The counting is complete at the former Germantown Settlement Charter School campus, where the new owners have tallied the remains left behind when the school shut its doors three years ago.
The demise of the charter school had been years in the making, but the school finally closed after the School Reform Commission declined to renew its charter. The school was serving more than 400 students in grades 5 through 8 at two locations.
As NewsWorks reported, developer Ken Weinstein bought 4811 Germantown Ave., a former Catholic school campus that had housed grades 5 and 6, as part of an effort to collect and redevelop key properties in Germantown’s commercial districts. Grades 7 and 8 were located at the school’s “north campus,” on Wayne Avenue.
Along with the Germantown Avenue property came rooms full of supplies, equipment, furniture and debris, seemingly from both school buildings, that had been stored, or dumped, in the administration building, schoolhouse and a small, detached auditorium building.
Weinstein said he intends to clean out and make repairs to the school buildings and the attached chapel — where students were often sent when maintenance emergencies drove them from classrooms — and offer them for commercial development.
The other building on site, the former convent, has been occupied by New Directions for Women, Inc., a private incarceration alternative for women, for 22 years. That building will be renovated, and New Directions may eventually use some office space in the administration building.
People seeking leftovers
After our March 5 story describing Weinstein’s burgeoning efforts in Germantown, he heard from some people curious about the office machines and equipment. Now, he’s wondering whether neighborhood groups could use them.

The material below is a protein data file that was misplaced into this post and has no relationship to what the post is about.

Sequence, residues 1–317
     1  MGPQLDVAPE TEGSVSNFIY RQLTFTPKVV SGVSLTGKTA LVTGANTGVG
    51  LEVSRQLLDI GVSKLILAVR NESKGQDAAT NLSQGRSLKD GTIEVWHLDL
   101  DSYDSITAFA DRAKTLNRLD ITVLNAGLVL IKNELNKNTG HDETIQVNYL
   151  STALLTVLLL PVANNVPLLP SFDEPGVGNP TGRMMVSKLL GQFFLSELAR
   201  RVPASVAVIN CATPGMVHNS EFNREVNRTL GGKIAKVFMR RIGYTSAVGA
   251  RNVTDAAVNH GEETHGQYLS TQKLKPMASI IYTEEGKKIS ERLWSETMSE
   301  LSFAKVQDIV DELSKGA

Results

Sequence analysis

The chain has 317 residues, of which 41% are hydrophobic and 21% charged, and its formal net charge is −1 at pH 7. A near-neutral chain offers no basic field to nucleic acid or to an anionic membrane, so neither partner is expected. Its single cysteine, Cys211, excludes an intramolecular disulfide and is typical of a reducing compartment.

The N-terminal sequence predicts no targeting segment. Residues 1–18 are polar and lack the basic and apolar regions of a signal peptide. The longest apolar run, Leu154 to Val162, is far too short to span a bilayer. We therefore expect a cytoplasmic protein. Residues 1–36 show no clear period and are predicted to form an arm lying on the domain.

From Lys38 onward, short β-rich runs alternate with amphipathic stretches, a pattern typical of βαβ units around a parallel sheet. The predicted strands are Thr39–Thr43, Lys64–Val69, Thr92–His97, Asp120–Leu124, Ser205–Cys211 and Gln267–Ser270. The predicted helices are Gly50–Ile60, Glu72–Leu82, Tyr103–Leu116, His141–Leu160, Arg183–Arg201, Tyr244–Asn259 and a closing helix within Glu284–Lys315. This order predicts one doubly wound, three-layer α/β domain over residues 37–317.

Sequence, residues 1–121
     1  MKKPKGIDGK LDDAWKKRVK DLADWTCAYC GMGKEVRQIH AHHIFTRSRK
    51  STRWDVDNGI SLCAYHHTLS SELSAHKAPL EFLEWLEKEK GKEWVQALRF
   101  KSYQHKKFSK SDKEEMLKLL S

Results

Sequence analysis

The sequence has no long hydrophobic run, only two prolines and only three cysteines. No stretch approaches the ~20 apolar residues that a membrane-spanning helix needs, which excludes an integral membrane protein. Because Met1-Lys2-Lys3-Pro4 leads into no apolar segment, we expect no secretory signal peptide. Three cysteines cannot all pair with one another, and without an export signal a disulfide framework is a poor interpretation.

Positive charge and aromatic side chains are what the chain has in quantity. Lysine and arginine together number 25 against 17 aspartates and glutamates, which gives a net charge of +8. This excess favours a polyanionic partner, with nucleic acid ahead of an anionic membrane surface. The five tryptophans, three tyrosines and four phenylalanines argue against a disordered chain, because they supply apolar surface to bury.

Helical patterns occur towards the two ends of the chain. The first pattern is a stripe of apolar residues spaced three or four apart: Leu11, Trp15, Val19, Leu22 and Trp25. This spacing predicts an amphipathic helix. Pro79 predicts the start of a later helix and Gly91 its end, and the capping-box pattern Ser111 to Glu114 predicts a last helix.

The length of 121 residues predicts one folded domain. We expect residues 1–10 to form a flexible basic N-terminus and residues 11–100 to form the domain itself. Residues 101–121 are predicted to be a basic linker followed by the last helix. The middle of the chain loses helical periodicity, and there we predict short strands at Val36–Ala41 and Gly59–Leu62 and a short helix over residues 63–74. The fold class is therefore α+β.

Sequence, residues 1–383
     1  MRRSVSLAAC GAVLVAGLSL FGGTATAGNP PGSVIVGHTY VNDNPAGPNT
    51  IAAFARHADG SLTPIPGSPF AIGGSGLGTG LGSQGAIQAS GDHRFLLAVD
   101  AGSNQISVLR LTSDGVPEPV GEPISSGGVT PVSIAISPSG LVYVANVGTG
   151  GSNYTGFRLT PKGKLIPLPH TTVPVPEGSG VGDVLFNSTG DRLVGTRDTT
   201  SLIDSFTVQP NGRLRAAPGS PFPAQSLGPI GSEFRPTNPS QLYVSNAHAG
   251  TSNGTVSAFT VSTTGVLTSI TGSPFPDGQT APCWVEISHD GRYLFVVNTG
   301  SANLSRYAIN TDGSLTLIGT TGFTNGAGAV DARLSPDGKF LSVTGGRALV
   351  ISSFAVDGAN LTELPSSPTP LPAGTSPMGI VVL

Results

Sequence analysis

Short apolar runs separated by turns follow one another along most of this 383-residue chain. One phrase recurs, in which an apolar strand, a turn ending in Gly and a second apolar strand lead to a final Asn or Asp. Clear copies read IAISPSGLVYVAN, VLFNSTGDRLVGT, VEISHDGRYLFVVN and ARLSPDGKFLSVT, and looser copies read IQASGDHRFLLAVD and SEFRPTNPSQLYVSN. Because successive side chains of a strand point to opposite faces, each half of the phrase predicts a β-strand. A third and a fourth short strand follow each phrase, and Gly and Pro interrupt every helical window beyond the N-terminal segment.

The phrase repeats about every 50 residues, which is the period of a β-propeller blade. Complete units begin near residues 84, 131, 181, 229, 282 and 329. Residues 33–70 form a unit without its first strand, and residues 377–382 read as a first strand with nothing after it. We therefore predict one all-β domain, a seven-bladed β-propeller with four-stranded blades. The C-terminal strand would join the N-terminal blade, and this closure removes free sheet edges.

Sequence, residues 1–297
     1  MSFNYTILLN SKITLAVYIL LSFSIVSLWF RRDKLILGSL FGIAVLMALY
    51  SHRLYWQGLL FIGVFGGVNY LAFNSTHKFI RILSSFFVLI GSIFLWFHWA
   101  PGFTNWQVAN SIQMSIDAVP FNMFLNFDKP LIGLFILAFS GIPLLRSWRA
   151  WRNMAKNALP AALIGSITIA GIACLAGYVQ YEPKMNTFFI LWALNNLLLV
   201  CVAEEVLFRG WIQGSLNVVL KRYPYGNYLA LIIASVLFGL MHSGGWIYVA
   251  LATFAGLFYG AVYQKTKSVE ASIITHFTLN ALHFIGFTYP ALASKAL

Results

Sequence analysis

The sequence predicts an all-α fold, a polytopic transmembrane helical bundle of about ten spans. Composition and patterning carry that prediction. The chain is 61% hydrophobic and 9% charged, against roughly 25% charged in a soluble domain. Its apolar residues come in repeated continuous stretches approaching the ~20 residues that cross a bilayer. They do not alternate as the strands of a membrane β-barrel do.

“These groups should be the first to benefit from the downfall of Germantown Settlement,” he said.
Noah Krey, director of marketing and leasing for Philly Office Retail, spent last weekend with a crew combing through the properties, pulling out some of the trash and making a count of what’s there.
“We counted everything down to trash cans and folding chairs, so it was pretty comprehensive,” Krey said. “There are a lot of really, really old computers.”
What to do with what was left
Among the inventory, they counted:
• 32 church pews, each 16 feet long;
• 400 student desks;
• 120 blue plastic chairs;
• a piano (“old, ornate and broken,” Krey described it);
• 54 metal file cabinets and shelving units;
• 52 tower-style computers (but only 16 monitors);
• eight Ricoh copy machines;
• 11 assorted printers in various states of usability;
• 29 metal lockers and
• 20 classroom science kits dated 2004.
Now, they’ll figure out what the do with it all. First will come basic repairs to the buildings, chronically neglected under Germantown Settlement.
From there, any number of possibilities remain, including a business incubator or co-working type use in the administration building, and possibly another school. Weinstein’s company, Philly Office Retail, has heard from one existing charter school and one potential school, interested in possibly using the buildings.
“That school-house building, it would take a lot to turn it into anything else,” Krey said, and the fact that at least some of the classroom furniture is still in usable condition is a plus. “If we can get a school in there, we might be able to use it as furnished school rooms.”
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